Some years ago when I began black and white photography I read the works of Ansel Adams until I could almost site them chapter and verse. I accepted the camera negative density ranges that he proposed as being appropriate without a great deal of further testing on my part.

Even though some standards are better then no standards my prints did not convey the sense of light that I observed in other photographs. I attended workshops, I read, I tested more, I photographed more...still wasn't achieving what I wanted.

I finally discovered what I think has been lacking. Overall contrast (density range) of a camera negative as proposed by Adams is a recipe for lackluster prints. What his standards fail to address is local (micro) contrast within the print. By this I mean the contrast that exists within the localized tonal ranges.

Now this is where it becomes tenuous. If we increase the contrast by which we print the negative we will drive either the highlights or shadows off the scale that the paper will accomodate. Therefore some means must exist to allow either the highlights or shadows to be compressed onto the papers scale.

This is where flashing the paper comes into play by some photographers. This does allow the density range of the negative to be represented on the paper. It does also compress the highlight tonal range into the upper mid range print densities.

Typically the mid and higher tonal range separation of a print is what makes the print "sing". Shadows are commonly accepted as being more lacking in detail by our visual experience. Therefore for a viewer of a photograph the shadows are more readily accepted when they are compressed.

So the question that then arises is how do we accomplish higher contrast filtration that allows the local contrast to exist and still allow highlight tonal range separation? I believe that the answer lies in the manner in which we address the tonal range represented by shadows.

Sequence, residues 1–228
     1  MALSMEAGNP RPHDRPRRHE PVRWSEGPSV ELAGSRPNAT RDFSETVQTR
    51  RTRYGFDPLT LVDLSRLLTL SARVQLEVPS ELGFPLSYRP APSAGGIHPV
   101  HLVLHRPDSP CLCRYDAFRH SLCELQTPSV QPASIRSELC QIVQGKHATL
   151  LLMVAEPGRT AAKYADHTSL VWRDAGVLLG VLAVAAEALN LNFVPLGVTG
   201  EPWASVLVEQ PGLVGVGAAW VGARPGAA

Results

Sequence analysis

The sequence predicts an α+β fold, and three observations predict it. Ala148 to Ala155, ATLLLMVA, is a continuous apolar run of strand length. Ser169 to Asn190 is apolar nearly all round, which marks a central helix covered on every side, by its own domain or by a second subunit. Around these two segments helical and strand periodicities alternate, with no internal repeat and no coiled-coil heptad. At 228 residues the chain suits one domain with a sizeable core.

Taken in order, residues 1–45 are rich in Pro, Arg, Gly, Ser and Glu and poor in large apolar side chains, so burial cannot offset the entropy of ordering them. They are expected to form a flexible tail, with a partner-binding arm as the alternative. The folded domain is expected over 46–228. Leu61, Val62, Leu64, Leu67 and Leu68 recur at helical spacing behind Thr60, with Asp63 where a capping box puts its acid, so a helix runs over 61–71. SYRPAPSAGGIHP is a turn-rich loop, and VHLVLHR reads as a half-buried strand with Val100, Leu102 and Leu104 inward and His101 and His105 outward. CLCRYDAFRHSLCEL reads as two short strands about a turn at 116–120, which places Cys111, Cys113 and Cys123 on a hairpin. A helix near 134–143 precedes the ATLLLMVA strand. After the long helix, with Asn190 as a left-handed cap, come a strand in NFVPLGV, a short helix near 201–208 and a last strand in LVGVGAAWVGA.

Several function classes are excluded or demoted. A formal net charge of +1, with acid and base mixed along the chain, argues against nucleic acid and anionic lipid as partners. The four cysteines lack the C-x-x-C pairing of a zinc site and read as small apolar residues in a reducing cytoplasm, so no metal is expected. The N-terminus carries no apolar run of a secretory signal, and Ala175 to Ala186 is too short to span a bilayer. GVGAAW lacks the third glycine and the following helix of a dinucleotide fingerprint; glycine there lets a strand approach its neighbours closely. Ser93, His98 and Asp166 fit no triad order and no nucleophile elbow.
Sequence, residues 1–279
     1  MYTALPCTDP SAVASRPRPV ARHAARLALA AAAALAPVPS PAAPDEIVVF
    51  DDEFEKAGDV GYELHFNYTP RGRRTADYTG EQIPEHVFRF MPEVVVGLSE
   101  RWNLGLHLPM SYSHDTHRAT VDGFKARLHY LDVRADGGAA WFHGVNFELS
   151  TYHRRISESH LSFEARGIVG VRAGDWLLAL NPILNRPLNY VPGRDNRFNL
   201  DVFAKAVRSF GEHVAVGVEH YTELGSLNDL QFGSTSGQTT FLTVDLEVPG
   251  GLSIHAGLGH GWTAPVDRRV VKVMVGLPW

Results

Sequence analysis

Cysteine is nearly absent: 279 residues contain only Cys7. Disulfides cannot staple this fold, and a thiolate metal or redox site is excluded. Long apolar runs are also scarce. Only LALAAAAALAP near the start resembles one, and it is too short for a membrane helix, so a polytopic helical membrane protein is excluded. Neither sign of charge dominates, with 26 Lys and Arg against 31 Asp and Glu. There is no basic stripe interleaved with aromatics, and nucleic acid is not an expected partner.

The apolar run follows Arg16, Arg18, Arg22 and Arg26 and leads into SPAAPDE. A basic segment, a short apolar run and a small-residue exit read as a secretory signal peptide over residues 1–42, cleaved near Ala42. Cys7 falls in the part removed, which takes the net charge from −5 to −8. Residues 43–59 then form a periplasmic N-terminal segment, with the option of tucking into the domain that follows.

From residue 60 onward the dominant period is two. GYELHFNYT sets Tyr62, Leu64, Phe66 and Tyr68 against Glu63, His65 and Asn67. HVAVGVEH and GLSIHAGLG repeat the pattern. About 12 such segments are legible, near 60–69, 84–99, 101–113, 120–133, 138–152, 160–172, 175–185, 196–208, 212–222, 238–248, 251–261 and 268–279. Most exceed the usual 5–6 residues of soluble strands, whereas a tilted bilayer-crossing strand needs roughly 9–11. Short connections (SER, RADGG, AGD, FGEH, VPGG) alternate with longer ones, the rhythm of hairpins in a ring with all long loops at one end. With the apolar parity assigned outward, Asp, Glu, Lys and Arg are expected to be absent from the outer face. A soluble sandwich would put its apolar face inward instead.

One such method is to mask out the shadow densities of the camera negative by creating a high contrast high density positive of the camera negative. When we combine this mask with the camera negative (in register) we can raise the contrast under which we print the camera negative because the shadow exposure has been effectively blocked in this exposure. Since this mask is a positive of our camera negative the low density (shadow) camera negative regions will become high density on the mask that we produce and the higher density (highlight) camera negative regions will be of no density (above FB+fog) on the mask.

By making a second mask which is a high contrast contact negative of the positive mask in the preceding step we will have mask in which all of the camera negative information that we printed in the preceding step is blocked in subsequent exposure when it is combined with the camera negative. However since the shadow regions are now of no density (above FB+fog). When we combine this second mask with our camera negative (in register) the shadows can now be printed in to the print density that we wish and at the contrast that we wish.

The final step would be to produce an ordinary unsharp mask and that would be printed in register with the camera negative to provide a blending of the demarcation of the two masks and also provide additional benefit by increasing apparent print sharpness due to edge effects.

I would appreciate the thoughts of those who use a similar approach. Additionally the thoughts and considerations of all regarding this would be appreciated.